When it comes to security, who do you trust?

Security involves both hard ware and software but the major piece of protection is software used to encrypt communications or to make your identity secret or otherwise facilitate a private communication with others.

The first rule of thumb, if you are considering software security options do not use or trust those from BIG companies or that do not reveal their source code.  You have no way to know if there are back doors or if those providers have secret agreements with others to provide your information or keys to decrypt your communications.

Companies like Microsoft, Facebook, Intel, McAfee, Symantic Google, Skype ( part of Microsoft ), etc. all have contracts or agreements with intelligence services.  All of these claim your communications are encrypted, they are, however they hold the keys to that encryption and are able to decrypt anything they choose or pass those keys on the agencies like the NSA, CIA, FBI and others.

Rely on open source software only. These are developed by programmers who work with others and freely publish the source code to their programs which means it can be scrutinized for any deception or hidden back doors to their encryption.  Strange as it may seem, one of these means of anonymous communications, TOR, was developed by our own government in order to create secure methods of communication between military personnel as well as foreign dissidents trying to over thow hostile governments.  It was created in such a way that not even our own NSA can track people using this network.  Note that TOR does not necessarily assure privacy, it's first duty is anonymity.  You still need to assure that your communications remain encrypted beyond the TOR network and this is where other methods designed to assure privacy are use in conjunction with anonymizing networks.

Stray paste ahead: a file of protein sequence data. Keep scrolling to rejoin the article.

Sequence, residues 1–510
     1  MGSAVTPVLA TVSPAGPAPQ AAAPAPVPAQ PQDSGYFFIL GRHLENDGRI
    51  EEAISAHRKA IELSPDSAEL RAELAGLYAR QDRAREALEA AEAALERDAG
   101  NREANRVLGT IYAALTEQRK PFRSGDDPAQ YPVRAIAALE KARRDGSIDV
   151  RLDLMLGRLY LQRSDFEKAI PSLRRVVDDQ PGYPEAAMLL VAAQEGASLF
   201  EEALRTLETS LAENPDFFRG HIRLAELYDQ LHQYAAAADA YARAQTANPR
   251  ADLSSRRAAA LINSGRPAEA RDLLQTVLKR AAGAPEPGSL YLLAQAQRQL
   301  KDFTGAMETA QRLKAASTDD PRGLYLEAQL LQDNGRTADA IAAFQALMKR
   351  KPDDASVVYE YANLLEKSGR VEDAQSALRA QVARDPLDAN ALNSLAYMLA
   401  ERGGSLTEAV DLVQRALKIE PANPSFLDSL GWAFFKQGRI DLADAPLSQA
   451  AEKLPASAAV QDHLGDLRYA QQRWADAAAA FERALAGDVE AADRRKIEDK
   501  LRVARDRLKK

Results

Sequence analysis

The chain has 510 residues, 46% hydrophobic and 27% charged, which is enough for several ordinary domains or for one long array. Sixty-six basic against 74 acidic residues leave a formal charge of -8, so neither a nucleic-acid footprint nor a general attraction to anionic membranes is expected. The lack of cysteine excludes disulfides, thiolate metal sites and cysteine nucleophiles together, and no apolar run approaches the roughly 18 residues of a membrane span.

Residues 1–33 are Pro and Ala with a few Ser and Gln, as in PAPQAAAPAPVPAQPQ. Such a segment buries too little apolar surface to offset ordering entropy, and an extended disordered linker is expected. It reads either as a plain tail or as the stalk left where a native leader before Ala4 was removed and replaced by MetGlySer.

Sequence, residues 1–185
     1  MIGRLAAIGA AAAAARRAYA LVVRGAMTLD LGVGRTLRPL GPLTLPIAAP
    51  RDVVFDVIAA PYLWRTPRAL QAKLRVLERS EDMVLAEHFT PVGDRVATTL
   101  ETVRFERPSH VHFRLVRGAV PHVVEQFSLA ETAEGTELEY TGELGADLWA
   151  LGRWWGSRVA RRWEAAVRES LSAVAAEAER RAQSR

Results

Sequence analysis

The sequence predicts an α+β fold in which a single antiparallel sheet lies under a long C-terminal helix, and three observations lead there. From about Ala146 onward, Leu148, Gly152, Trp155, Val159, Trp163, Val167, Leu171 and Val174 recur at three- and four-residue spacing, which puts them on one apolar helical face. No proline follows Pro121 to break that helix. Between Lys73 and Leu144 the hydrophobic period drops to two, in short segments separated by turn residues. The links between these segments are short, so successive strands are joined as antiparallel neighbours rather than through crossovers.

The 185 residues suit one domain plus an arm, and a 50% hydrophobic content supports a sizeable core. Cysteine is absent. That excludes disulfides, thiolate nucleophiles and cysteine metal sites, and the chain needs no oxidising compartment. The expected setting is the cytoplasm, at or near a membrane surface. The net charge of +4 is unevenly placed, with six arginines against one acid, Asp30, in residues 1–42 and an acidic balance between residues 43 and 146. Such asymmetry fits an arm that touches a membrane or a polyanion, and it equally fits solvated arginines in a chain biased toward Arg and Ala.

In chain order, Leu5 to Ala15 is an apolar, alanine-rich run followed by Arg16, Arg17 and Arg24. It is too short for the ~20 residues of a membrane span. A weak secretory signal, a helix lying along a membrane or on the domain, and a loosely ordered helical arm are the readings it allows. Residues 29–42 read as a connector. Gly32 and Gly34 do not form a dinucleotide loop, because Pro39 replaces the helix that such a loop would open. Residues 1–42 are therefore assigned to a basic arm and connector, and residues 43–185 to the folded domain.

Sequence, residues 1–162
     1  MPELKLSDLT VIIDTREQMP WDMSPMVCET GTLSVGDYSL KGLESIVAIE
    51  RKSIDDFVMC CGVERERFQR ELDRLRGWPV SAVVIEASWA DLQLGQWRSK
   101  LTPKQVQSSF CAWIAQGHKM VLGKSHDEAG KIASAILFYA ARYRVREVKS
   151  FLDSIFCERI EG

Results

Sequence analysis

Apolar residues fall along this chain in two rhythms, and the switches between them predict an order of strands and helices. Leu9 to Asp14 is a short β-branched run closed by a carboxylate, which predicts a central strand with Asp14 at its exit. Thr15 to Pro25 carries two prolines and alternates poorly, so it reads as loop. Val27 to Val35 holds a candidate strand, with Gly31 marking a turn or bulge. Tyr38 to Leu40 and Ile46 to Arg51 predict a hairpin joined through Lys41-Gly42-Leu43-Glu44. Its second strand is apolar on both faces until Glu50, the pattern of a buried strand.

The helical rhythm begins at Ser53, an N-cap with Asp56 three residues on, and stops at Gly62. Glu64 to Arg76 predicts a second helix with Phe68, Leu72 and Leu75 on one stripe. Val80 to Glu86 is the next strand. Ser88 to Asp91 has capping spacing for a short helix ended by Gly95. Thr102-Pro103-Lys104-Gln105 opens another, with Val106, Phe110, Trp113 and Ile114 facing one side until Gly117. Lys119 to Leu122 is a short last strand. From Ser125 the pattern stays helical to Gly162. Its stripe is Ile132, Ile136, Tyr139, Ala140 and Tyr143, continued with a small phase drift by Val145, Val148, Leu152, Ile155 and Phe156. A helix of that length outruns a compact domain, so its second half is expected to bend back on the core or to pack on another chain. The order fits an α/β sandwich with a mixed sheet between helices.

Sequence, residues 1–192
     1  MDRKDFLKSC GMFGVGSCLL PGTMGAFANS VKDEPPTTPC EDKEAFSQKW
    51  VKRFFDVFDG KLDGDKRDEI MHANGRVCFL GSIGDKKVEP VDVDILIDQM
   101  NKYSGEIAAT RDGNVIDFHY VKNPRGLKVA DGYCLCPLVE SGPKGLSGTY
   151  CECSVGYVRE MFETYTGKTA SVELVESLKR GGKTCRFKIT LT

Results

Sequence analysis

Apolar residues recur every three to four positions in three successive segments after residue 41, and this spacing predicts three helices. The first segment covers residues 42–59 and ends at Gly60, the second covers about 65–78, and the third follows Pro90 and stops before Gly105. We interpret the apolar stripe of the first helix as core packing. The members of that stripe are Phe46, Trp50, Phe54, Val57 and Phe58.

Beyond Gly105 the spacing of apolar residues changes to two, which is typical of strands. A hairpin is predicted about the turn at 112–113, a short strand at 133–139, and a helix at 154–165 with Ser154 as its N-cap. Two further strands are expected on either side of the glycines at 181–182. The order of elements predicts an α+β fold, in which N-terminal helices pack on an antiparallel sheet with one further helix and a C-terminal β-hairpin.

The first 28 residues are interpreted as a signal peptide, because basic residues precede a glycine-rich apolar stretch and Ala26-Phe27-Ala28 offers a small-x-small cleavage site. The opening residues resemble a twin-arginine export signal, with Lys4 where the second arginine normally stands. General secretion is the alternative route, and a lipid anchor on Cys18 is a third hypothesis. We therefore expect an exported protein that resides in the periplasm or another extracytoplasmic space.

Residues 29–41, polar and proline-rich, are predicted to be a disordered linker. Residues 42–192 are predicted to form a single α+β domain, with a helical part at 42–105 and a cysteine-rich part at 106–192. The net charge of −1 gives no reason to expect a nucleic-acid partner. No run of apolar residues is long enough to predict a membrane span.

True security comes with end-to-end security in which the entire communication remains encrypted until the intended recipient, using a unique key, decodes what you have sent.

There is a very good article about privacy and anonymity offered by and for journalists. It is available online and as a PDF download HERE.

You will find more information about securing emails HERE.

If you choose to use real time chat or IM, do not use the clients offered by the service providers. Do not chat via Yahoo Messenger, ICQ, AIM etc. unless you install an open source chat client that can provide end-to-end encryption.  This is Pidgin and it will allow you to consolidate all of your chats into one client and then encrypt the contents.  It is also necessary that your chat partner have this installed on their computer as this must be done between two clients with encryption installed.

Bottom line...don't assume the big software companies are doing a good job protecting your privacy. Their goal in life is to make money and one way they do that is to trade or sell your information.

By the way, many of the security methods are available for use on your smart phone as well, most notably on Android considering that Apple's iOS is proprietary and anything you do on your phone can be known by the operating system.  iPhones should not be considered a good choice if security and privacy are important to you.